Students across South Africa are opting to study further at universities in the hopes it will improve their job opportunities.
While their prospects of finding employment are much higher than other African countries, this still may not be enough.
This is according to Seth Trudeau and Keno Omu of the African Leadership University, who said it has now become more important “how” students are being taught as opposed to “what” they are being taught.
“Business leaders frequently say there are jobs, but a lack of skilled talent to do them,” they said.
“There are two commonly cited explanations. The first is that financial, human capital and infrastructure constraints have a negative impact on the range and quality of skills students graduate with. The second is the disconnect between what universities teach and the skills needed in the market,” they said.
This mindset change has been reflected by a number of companies, notably Ernst & Young, who from 2016 onwars removed degree classifications.
The company noted that, while academic performance was still an important factor when deciding on candidates, it “found no evidence to conclude that previous success in higher education correlated with future success in subsequent professional qualifications undertaken”.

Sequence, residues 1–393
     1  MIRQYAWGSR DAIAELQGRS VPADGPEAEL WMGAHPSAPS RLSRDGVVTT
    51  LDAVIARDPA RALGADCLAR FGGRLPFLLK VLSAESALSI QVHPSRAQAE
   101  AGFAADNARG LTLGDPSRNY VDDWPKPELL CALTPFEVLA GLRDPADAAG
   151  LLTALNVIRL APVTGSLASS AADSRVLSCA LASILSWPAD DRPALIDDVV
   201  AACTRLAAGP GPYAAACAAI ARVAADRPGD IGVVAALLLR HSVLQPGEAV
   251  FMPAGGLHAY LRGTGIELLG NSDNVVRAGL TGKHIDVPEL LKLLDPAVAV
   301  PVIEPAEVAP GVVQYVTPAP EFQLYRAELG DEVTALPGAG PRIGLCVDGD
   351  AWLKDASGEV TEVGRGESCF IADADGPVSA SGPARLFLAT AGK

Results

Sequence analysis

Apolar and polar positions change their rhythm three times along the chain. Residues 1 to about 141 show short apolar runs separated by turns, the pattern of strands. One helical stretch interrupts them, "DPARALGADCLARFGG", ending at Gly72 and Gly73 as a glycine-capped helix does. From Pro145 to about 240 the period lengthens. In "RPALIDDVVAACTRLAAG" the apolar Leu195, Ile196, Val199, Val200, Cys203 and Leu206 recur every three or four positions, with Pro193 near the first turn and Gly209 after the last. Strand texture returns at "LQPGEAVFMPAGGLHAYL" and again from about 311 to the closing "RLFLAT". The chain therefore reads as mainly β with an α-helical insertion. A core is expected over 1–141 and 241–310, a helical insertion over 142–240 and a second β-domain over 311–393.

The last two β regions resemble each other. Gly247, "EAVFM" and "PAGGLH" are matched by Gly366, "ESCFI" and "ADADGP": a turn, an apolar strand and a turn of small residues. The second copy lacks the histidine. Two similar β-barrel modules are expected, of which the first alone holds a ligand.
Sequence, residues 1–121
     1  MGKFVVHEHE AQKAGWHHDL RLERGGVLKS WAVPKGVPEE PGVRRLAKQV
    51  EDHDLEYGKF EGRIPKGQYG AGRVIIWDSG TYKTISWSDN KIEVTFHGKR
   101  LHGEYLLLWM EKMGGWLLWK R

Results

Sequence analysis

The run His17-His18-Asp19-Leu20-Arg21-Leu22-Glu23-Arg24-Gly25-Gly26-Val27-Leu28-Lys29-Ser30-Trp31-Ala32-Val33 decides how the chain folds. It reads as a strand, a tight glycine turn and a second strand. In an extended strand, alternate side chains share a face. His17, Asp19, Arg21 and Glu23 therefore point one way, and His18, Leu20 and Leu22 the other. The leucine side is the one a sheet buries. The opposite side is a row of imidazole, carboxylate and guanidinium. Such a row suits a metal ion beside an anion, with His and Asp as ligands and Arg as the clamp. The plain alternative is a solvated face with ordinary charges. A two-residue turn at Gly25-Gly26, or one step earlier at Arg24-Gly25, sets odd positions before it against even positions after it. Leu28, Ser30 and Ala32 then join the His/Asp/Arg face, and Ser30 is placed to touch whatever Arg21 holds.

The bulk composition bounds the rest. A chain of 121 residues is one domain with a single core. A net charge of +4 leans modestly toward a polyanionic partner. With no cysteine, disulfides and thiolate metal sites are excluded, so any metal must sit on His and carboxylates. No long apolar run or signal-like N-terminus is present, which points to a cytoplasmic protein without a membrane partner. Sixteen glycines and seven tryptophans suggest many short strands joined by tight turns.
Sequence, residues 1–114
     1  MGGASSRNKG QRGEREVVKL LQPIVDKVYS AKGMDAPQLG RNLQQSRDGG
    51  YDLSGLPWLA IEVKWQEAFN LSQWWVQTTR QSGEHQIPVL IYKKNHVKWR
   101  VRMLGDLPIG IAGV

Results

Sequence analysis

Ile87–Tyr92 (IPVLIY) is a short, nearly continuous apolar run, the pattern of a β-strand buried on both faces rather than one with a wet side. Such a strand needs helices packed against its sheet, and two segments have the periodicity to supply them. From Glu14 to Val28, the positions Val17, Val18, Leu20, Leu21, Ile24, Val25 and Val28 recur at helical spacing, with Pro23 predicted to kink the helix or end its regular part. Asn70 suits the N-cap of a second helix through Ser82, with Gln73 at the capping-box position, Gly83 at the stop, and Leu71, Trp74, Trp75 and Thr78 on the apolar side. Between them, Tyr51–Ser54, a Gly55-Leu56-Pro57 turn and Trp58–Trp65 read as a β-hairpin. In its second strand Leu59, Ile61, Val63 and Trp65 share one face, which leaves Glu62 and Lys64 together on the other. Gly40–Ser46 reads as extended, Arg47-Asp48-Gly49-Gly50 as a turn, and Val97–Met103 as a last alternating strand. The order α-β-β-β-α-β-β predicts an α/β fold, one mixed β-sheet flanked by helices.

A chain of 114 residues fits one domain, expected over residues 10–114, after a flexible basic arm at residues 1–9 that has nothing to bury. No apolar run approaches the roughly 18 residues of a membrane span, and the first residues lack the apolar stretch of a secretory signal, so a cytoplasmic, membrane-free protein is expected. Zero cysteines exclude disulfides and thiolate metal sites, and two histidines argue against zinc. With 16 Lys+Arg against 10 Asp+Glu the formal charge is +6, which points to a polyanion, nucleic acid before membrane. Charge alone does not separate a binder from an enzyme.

Moving away from traditional universities
According to Trudeau and Omu, South African universities need to rethink their approach to learning if they are to produce people with the critical thinking, leadership, collaboration and problem solving skills needed for modern life.
They said that the majority of learning in African universities still occurs in large lecture halls and rewards the ability to remember and repeat information – one of the least effective ways of learning.
Instead the duo believes that the effective learning takes just three things:
“Universities are the planning stage for a society’s aspirations. African universities must begin to produce employable leaders who will meet the challenges that are hindering the continent’s progress.
“To produce graduates with the appropriate skills and ways of thinking, they will have to change the way they see, design and assess learning,” they said.
8 international companies that don’t only look at your university degree
According to a January 2017 Glassdoor report, Ernst & Young is just one of a number of companies that are offering well-paying jobs to those with non-traditional education or a high-school diploma.
Naturally these requirements may differ based on the specific jobs and the offices hiring, but each of these companies have committed to looking at other talents beyond academics when deciding on candidates.
These are some of the biggest international companies and the types of positions they are hiring for.